Digestive troubles, for many people, top the list of symptoms that are straight-up miserable to live with. After all, who wants to feel constantly gassy or bloated while running to the bathroom left and right? Not only can these symptoms feel uncomfortable (or even downright painful), they can seriously impact how you feel about yourself and the way you live your daily life. If you’re not sure what’s going on, don’t fret. Oftentimes, there is a simple explanation for gastrointestinal (GI) issues. But if they’re starting to feel constant, it’s worth exploring whether something more complicated could be lingering under the surface. Take this quiz to find out what might be causing your stomach problems, and when you should consider seeing a doctor about them—because you deserve to feel good in your body.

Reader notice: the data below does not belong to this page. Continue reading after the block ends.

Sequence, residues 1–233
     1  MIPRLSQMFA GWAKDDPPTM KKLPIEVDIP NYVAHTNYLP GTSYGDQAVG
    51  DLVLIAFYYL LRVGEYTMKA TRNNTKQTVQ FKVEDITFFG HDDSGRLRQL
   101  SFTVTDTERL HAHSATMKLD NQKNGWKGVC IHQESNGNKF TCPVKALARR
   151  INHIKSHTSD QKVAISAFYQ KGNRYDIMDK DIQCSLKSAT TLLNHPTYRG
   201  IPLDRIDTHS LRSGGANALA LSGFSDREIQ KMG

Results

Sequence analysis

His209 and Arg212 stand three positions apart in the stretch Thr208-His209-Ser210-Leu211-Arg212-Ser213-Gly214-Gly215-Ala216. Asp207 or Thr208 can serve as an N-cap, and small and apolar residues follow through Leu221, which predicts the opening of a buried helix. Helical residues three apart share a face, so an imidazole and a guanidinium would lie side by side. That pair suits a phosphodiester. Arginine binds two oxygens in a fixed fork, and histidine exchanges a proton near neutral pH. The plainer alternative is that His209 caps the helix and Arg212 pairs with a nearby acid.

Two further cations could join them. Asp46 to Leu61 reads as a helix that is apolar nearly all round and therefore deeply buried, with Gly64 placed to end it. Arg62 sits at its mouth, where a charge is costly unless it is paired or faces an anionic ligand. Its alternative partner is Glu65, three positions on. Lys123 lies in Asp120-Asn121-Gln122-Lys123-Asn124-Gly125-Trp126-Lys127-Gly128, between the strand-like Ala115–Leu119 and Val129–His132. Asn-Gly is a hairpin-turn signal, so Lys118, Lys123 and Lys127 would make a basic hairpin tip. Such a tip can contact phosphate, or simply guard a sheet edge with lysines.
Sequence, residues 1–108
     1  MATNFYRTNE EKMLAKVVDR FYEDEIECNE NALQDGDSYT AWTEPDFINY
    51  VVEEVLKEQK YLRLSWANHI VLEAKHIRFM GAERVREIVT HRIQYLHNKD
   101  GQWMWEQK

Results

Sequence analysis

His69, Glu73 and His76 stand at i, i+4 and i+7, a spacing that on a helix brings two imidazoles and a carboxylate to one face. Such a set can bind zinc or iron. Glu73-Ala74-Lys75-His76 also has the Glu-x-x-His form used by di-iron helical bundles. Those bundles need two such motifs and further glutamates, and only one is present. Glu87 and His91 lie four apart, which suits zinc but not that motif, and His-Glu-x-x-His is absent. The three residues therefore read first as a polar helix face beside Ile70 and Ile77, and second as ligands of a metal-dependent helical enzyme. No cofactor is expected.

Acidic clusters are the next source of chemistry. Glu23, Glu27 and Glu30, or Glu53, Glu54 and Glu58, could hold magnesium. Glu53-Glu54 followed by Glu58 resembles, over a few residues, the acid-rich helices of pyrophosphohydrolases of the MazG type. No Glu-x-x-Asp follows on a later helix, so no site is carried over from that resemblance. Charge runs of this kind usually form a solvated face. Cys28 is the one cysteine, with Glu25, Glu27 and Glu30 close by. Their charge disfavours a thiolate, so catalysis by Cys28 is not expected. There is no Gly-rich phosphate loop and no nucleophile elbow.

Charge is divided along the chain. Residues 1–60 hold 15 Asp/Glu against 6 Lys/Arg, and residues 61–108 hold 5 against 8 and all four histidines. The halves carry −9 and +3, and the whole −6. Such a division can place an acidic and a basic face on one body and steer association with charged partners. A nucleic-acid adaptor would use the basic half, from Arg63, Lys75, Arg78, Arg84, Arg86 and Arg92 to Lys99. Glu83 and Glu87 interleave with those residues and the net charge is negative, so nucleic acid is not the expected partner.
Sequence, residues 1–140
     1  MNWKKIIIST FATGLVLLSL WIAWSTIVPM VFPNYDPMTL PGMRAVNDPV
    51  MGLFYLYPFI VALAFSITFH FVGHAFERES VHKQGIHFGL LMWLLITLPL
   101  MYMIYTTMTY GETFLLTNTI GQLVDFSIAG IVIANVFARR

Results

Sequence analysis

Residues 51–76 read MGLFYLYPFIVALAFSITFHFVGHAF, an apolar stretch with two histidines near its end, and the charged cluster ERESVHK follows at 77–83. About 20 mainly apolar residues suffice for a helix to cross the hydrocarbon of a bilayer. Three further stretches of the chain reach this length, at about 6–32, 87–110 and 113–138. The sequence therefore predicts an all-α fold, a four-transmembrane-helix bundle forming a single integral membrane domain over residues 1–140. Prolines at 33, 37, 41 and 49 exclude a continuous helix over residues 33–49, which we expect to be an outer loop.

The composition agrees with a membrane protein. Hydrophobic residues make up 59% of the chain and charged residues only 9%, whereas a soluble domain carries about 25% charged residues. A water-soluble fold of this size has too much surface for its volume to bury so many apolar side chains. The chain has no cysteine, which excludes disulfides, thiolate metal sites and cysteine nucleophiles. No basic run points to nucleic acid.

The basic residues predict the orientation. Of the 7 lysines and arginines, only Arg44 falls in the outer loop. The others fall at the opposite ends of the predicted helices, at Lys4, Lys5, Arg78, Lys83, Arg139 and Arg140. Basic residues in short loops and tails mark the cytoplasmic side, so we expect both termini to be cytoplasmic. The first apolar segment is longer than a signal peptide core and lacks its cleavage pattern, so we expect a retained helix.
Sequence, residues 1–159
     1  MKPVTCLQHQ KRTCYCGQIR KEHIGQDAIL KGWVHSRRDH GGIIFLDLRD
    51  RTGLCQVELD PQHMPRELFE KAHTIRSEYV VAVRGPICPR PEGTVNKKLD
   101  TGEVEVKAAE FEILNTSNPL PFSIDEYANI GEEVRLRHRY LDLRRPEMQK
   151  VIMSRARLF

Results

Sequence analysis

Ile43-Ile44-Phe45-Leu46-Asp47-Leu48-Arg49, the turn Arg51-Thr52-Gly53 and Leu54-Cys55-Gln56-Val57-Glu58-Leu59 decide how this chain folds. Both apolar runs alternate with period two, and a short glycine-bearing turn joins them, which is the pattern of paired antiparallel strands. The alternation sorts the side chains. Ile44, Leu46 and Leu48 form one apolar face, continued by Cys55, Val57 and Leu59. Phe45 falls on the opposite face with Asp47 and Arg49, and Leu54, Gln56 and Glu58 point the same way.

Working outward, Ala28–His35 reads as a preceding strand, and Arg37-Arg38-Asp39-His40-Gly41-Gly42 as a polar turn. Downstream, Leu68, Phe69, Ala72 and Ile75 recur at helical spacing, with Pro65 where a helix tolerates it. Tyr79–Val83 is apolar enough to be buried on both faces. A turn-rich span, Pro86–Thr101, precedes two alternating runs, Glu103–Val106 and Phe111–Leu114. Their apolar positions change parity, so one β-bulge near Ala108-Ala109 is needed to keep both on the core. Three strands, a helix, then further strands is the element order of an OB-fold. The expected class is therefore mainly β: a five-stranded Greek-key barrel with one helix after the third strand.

Real talk: Everybody farts, including supermodels, politicians, actors—everybody. While it can be embarrassing and awkward to let one rip in front of a crowd, that doesn’t mean it’s not perfectly normal (same goes for burping).Still, if you’re suddenly letting flatulence fly like it’s your job, you might take a beat to wonder, “Why do I have so much gas?” Also, if you’re farting that much, you might be a little uncomfortable, too, whether you’re also dealing with bloating or just feeling anxious about the idea of accidentally clearing a room in public.Again, farting is a fact of life, but it’s not typical to desperately hold back your gas to the point of constant discomfort. Not sure if you should be concerned? Here are the most common excessive gas causes, and how to get some relief already.What causes gas in the first place?Gas forms in your digestive tract for two reasons: from the air that you swallow and from the breakdown of undigested food by the trillions of bacteria that live in your large intestine, according to the U.S. National Library of Medicine. “We all have bacteria in our gut, which produces gas—and it has to go somewhere,” Sophie Balzora, MD, gastroenterologist and assistant professor of medicine at NYU Langone Medical Center, tells SELF.Whether you fart or burp, gas comes out of your body in one form or another. In fact, we all pass gas an average of up to 20 times each day, according to the Mayo Clinic. In most cases, the gas you expel from your body is odorless, a mix of carbon dioxide, nitrogen, hydrogen, and sometimes methane. Sometimes, however, the bacteria we mentioned release gases that include sulfur, which is the culprit behind the unpleasant odor associated with passing gas, according to Johns Hopkins Medicine.Occasional gas is perfectly healthy. Excessive gas, however, can cause discomfort to the point of bloating and abdominal pain, and it can actually be a symptom of a more serious condition.Back to topWhy do I have so much gas?There’s a pretty wide range of excessive gas causes, and some are more easily remedied than others. Here are the most common ones to be aware of:1. You’re eating a lot of fiber-rich food.Usually, the food you’re eating can be to blame for any excessive gas you’re dealing with. A food that causes gas in one person may not in another, but there are some common culprits. “The classic food groups are high-fiber foods such as whole wheat and grains, fresh fruits and cruciferous vegetables (such as broccoli, cabbage, Brussels sprouts, kale, etc.),” Felice Schnoll-Sussman MD, gastroenterologist and director of the Jay Monahan Center for Gastrointestinal Health at NewYork-Presbyterian and Weill Cornell Medicine, tells SELF.Fiber is usually recommended to combat constipation, but it can lead to excessive gas if it’s eaten in excess. This is because fiber isn’t fully digested by the small intestine, and the bacteria required to ferment or break down fiber-rich foods in the large intestine produce gas as a by-product, per Johns Hopkins Medicine.So, as with all good things, moderation is key. “Fiber must be slowly incorporated into the diet,” Dr. Schnoll-Sussman explains. “If you binge on kale for its obvious nutritional value, you will most likely feel it with gas and bloating.”Another tip? Make sure you’re drinking enough water, as fiber promotes healthy bowel movements best when there’s an adequate amount of water in your body.2. You have a sneaky food sensitivity.“Many people as they get older have difficulty digesting milk products,” Dr. Schnoll-Sussman says. So even if you’re not full-on intolerant, your body’s level of lactase (the enzyme that breaks down lactose) may be lower than it used to be, making dairy a problem food. “Someone who is very lactose intolerant may experience bloating, cramps, and flatulence as soon as they ingest milk or other dairy products.” But your level of gassiness will vary depending on how sensitive you are.